State wants to spray Keyport area for gypsy moths

European gypsy moths might be the target of  a chemical spray next spring. - Courtesy photo
European gypsy moths might be the target of a chemical spray next spring.
— image credit: Courtesy photo

The state might be saddling up for another go-round with the aggressive European gypsy moth. The Washington State Department of Agriculture is proposing to spray for the gypsy moth on a 200-acre site near Keyport that includes the Evergreen Ridge housing development. The proposal is dependent on public input.

The department will do an environmental impact assessment on the proposal prior to its release to the public. In addition, it plans to have an open house in the area sometime in February to answer questions from the general public.

The dates of the sprayings have not yet been set. Because the area is so large, a crop duster will have to be used to disperse a pesticide spray. There will be three to five applications anywhere from three to 14 days apart.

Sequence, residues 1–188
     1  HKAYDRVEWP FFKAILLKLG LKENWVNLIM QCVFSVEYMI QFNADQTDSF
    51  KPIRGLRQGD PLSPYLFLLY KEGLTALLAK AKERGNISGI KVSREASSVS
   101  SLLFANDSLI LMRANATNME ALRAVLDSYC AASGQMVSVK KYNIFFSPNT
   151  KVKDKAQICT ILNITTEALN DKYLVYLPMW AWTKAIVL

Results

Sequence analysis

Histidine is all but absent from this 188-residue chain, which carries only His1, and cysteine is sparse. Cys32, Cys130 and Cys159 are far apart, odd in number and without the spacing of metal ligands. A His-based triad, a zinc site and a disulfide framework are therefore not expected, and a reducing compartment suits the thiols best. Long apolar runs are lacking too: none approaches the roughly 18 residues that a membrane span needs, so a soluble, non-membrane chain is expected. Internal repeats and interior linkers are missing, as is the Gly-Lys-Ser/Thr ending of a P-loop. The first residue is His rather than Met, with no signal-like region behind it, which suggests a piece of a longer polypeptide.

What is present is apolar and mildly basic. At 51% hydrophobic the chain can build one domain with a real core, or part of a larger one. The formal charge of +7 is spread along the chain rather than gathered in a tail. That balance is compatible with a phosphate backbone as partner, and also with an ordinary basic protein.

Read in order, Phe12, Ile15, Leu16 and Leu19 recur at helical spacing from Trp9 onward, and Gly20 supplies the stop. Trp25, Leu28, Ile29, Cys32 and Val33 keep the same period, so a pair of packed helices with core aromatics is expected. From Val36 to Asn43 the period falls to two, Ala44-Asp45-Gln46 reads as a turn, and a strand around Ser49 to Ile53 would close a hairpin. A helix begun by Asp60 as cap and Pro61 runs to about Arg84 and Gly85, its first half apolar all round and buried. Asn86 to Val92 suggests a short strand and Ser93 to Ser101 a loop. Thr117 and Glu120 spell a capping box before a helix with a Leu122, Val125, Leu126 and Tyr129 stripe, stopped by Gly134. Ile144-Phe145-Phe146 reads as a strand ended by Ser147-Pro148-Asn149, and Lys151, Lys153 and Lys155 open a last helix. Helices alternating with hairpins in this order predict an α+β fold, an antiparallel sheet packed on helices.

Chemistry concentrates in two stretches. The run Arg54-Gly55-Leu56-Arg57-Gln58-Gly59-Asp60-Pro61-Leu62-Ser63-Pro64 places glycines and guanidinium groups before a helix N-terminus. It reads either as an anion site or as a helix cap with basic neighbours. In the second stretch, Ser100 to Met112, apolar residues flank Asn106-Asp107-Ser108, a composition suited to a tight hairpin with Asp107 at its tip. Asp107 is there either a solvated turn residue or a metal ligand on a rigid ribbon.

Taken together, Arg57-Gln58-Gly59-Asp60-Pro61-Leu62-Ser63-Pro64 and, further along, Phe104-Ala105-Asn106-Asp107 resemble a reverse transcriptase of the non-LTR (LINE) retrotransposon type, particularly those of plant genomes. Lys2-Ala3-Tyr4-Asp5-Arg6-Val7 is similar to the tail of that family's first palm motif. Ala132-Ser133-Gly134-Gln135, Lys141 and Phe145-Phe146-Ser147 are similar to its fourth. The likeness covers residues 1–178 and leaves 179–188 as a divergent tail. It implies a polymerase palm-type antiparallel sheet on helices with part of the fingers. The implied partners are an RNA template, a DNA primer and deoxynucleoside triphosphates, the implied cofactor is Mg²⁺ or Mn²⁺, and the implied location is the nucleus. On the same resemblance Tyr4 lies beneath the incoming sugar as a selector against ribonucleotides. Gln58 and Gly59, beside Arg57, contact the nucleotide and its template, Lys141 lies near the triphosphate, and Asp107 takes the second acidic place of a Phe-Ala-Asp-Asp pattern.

The Agriculture Department plans to spray Bacillus thuringiensis var kurstaki (Bkt), a natural chemical that is commonly found in decaying soil and is commonly used in home gardens for pest control, according to Jim Marra, a state entomologist.

Experts will then monitor the egg nests of the gypsy moths to determine when the spraying would be the most effective. The pesticide kills the insects when they are in the caterpillar stage, Marra said. The caterpillars eat the Btk which causes a fatal infection.

The state has done 79 gypsy moth eradications since 1980, although Btk was not used in all of them, Marra said.

There are no side effects of Btk for humans or animals, he said. Once it is sprayed, its residue lasts on the foilage for a few days and dissipates when it comes in contact with direct sunlight, which is why multiple applications are needed.

The gypsy moth is considered to be one of the worst forest pest insects in the United States, according to information from the Agriculture Department. It attacks more than 500 types of trees and shrubs and causes millions of dollars of environmental and economic damage every year.

Marra said that in general, the public supports the use of Btk to get rid of gypsy moths. Last year, Btk was sprayed in

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